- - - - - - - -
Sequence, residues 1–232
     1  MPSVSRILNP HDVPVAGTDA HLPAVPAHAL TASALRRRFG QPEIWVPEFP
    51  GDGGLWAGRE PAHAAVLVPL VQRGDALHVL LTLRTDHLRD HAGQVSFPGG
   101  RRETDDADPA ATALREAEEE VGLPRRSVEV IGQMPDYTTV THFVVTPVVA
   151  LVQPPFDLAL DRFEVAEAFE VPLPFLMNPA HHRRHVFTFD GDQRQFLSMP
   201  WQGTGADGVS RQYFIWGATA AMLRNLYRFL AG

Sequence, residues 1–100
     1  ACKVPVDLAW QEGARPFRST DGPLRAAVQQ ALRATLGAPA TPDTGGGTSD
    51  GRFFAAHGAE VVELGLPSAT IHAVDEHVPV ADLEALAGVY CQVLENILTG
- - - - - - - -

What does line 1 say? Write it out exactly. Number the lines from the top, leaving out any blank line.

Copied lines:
Sequence, residues 1–232